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About

One in 50 Irish adults lives with a major psychotic disorder such as schizophrenia or bipolar disorder. Psychosis is heritable but poorly understood. With gene research as a starting point, since 1996 we have worked with almost 3,000 affected Irish people, their families and healthy volunteers to improve understanding of these devastating disorders.

Much has been learned in the last five years. For most people, genetic risk involves at least hundreds of very small effects spread across the genome. But some individuals carry rare mutations that have a larger impact on personal risk. More than a hundred of these variants are now known . These map to genes in some predicted molecular pathways (dopamine, glutamate) but also to unexpected pathways like calcium signalling, immune function and chromatin remodelling. This new research terrain will deepen understanding and offers new therepaeutic avenues to improve patient care.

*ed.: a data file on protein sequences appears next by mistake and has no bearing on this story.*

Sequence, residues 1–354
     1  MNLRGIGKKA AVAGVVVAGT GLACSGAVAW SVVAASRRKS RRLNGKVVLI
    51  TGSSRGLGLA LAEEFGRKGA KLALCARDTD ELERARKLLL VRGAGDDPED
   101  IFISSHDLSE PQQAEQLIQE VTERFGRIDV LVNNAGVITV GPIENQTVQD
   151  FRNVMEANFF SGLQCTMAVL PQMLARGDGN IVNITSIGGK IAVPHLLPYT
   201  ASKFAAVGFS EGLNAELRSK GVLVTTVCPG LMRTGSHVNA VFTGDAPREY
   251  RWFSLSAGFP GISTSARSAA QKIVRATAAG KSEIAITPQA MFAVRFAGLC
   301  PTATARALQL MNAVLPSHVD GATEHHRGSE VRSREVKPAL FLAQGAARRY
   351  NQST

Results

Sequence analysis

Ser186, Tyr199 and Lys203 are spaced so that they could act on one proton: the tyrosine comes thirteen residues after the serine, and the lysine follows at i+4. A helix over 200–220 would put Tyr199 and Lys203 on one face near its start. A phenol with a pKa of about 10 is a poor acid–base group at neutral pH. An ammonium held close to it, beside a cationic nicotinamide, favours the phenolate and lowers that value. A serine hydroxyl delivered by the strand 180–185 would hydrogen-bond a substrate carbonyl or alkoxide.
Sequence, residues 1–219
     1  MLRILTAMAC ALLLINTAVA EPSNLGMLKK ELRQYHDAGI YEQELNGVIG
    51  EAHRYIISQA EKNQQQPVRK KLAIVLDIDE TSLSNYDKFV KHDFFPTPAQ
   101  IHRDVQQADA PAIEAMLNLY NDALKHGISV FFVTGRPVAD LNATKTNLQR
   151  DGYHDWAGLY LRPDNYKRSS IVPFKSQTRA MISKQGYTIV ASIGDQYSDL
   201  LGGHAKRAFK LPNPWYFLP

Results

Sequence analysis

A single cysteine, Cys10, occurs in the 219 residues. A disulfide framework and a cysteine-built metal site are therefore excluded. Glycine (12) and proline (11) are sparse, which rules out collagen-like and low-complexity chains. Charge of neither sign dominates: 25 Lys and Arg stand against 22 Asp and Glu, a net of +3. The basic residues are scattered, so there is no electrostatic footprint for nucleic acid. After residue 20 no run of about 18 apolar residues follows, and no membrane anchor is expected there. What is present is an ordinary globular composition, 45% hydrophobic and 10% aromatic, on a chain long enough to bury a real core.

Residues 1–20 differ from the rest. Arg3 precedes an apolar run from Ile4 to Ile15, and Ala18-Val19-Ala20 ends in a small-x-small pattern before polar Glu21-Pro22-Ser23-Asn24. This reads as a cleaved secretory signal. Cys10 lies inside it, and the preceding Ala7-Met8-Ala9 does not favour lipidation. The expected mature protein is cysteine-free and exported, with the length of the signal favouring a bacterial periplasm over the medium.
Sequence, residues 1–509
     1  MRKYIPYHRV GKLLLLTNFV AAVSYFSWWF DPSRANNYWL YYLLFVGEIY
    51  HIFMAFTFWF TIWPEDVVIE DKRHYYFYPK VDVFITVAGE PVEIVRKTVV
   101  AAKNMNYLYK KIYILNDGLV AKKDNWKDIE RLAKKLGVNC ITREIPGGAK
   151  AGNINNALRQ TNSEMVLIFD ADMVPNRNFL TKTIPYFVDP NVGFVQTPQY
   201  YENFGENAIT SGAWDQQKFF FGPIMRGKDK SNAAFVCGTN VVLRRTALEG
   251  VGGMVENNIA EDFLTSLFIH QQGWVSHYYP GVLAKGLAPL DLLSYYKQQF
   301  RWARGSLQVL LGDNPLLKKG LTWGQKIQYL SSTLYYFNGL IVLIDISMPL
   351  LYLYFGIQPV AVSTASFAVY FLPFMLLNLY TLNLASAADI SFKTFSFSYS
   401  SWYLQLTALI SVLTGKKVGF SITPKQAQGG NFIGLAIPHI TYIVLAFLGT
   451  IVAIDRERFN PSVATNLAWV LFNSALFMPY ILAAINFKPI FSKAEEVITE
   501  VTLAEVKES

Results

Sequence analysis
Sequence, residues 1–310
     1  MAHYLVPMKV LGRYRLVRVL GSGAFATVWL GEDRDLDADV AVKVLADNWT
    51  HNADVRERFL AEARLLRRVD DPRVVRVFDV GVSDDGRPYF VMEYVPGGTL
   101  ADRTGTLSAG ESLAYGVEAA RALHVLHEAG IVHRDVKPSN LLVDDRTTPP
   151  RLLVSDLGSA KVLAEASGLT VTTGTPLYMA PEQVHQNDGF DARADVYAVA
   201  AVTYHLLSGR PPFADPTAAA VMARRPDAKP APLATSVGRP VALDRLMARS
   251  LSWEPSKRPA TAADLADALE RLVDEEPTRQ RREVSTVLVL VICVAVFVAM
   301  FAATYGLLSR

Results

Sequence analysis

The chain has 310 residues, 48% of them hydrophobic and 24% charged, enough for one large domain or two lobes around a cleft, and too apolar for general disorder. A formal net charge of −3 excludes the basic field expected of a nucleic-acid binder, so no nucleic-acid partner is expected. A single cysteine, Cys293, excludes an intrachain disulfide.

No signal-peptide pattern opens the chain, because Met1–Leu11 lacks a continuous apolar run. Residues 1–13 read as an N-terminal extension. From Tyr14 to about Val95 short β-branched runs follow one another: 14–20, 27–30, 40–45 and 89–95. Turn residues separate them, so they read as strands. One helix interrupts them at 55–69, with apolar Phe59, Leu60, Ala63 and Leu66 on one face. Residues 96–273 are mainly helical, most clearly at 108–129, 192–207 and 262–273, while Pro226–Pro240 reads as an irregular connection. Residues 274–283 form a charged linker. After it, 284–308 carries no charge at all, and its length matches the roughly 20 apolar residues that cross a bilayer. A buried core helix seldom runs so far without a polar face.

The Psychosis Research Group is based at the Trinity Translational Medicine Institute but works with other TCD Life Science Institutes, the COGGENE Group at NUI Galway and internationally with the Wellcome Trust Case Control Consortium (WTCCC), the Broad Institute of MIT/Harvard, Cold Spring Harbor Laboratory and Psychiatric Genomics Consortium. We have published more than 200 international peer-reviewed scientific papers. Our funders include Science Foundation Ireland (SFI), the Health Research Board (HRB), the Wellcome Trust and the National Institute of Health (US).

Aiden Corvin

Principal Investigator

Head of the Psychosis
Research Group at TCD.

Michael Gill

Principal Investigator

Head of the Neuropsychiatric
Genetics Group at TCD


Last updated 23 November 2016 by School Web Administrator.